Raspberry Pi has made a big name for itself over the past decade by selling small, cheap computers that were initially aimed at educators, students, and hobbyists. But Raspberry Pi hardware has pretty much become unobtanium over the past year or so due to a combination of supply chain constraints and a shift in priorities that has led to the company largely prioritizing big customers rather than the consumer market.
Now Raspberry Pi says the end of its hardware shortages is in sight. The company has allocated “a little over a hundred thousand units” that will be allocated for “single-unit sales” this holiday season. And by the second quarter of 2023, Raspberry Pi expects its hardware supply to be back to pre-pandemic levels. By the second half of 2023, the company says you should have no problem finding Raspberry Pi devices in stock at most of the stores that sell them.
While Raspberry Pi helped popularize the idea of cheap, single-board computers for makers and enthusiasts, there are a growing number of competitors in this space including companies such as Pine64, Radxa, FriendlyElec and the makers of the Banana Pi and Orange Pi boards, just to name a few.
What Raspberry Pi has long had going for it is a strong hardware and software ecosystem maintained both by the company itself and a wide community of hardware hackers and software developers.
But many of those developers have been unable to get their hands on Raspberry Pi hardware for quite some time. And while it’s good news that supply is expected to become available again, that good news comes at an interesting time for Raspberry Pi.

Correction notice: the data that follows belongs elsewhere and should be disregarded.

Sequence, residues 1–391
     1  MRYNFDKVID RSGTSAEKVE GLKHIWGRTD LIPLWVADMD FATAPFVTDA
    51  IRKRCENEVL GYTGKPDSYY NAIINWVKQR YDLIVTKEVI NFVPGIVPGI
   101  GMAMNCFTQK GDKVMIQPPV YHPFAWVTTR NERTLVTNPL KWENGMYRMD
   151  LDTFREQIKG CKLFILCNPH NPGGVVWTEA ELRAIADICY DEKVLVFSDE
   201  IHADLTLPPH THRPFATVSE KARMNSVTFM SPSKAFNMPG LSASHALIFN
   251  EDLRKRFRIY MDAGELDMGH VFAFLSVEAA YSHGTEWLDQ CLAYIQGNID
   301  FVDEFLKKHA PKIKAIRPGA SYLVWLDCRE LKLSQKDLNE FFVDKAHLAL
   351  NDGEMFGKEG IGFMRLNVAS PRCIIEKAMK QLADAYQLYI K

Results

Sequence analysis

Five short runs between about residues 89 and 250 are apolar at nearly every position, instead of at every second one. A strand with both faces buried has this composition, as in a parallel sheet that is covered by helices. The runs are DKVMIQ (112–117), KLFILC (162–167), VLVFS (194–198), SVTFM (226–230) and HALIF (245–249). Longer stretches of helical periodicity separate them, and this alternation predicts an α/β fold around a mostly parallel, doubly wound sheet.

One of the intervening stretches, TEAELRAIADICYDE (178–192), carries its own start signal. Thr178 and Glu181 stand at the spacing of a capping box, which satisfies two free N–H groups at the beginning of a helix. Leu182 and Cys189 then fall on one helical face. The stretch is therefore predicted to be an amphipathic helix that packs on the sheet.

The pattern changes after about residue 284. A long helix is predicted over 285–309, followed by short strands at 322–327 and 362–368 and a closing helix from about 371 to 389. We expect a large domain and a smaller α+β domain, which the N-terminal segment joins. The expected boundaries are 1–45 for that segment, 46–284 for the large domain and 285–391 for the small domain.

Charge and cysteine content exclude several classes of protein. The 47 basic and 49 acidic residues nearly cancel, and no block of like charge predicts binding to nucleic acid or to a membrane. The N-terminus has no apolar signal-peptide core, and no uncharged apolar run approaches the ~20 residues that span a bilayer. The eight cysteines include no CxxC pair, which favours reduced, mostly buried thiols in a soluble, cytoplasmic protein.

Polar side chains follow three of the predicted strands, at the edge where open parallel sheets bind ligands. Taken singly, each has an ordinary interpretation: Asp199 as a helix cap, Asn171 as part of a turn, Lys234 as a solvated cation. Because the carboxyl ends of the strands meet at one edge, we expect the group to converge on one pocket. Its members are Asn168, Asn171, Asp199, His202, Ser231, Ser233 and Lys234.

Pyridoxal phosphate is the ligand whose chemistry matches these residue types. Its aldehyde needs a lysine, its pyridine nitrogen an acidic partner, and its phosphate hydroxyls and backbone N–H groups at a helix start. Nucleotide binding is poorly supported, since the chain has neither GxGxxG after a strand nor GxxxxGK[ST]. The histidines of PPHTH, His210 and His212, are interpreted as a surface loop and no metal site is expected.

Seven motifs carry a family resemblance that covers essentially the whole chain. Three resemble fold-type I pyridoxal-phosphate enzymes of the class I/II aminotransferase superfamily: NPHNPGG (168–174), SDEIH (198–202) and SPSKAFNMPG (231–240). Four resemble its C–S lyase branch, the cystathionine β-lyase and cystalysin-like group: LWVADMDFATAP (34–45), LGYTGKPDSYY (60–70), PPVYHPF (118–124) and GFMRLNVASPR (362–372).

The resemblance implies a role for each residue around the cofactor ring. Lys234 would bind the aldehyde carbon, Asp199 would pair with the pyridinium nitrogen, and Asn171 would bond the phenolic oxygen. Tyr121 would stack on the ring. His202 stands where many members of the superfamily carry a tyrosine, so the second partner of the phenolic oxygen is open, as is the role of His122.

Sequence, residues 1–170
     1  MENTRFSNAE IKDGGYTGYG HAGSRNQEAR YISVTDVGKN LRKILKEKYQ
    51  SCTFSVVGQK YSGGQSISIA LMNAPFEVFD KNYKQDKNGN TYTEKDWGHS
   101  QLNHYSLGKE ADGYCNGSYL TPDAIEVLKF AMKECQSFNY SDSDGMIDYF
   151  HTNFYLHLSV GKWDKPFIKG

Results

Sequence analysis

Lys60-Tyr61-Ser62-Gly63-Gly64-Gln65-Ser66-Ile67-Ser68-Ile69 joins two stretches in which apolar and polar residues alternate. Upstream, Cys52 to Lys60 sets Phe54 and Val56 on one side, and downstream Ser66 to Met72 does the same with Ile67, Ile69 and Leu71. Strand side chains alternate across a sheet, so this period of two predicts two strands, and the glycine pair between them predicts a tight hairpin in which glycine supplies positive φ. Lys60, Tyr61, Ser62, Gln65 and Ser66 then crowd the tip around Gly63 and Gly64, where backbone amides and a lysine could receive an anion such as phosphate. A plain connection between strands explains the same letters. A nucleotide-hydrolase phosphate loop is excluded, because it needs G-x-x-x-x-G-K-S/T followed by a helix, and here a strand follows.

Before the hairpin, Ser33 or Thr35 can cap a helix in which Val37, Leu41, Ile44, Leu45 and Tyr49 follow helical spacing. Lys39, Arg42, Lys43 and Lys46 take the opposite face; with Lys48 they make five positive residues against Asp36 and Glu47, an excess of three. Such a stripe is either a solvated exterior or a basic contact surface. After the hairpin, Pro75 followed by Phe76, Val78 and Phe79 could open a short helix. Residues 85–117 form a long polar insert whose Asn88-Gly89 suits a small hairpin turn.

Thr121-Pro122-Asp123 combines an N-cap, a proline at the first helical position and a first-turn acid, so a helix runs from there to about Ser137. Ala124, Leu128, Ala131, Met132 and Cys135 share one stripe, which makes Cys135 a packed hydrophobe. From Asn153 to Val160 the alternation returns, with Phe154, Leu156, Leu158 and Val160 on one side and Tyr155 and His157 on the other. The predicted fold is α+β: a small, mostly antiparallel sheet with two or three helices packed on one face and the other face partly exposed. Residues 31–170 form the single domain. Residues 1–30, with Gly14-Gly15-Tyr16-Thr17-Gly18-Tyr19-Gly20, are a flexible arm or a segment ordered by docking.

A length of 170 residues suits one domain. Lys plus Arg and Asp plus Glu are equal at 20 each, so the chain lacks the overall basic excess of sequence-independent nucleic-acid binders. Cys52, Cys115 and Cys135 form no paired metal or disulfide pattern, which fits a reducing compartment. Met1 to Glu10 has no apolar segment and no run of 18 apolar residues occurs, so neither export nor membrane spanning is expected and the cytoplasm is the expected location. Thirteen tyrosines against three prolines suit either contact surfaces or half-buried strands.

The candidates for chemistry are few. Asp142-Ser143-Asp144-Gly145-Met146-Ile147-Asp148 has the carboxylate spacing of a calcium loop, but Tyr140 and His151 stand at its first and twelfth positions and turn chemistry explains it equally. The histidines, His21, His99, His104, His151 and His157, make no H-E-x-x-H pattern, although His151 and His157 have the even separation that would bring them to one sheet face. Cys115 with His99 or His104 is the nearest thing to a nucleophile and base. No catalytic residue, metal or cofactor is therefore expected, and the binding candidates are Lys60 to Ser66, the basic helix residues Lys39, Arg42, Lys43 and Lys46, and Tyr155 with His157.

Last week the company became enmeshed in a public relations disaster of its own making – a representative for the company posted what was, at best, a poorly-worded message on social media site Mastodon without considering how it might be interpreted by the largely security & privacy-focused folks that hang out on Mastodon. And when people pushed back on those messages, Raspberry Pi’s social media folks did not handle their responses very well… which has led some Mastodon instances to defederate the Raspberry Pi server (basically making future messages from Raspberry Pi harder for Mastodon users to find).
Perhaps the fact that you’ll actually be able to buy Raspberry Pi devices again will be enough to appease some folks. But today’s announcement isn’t all good news – Raspberry Pi says that the rising prices of components have led it to increase the price of one of its cheaper single-board computers.
The Raspberry Pi Zero W is getting a 50% price hike from $10 to $15, while the Raspberry Pi Zero (without built-in wireless capabilities) is doubling in price, going from $5 to $10.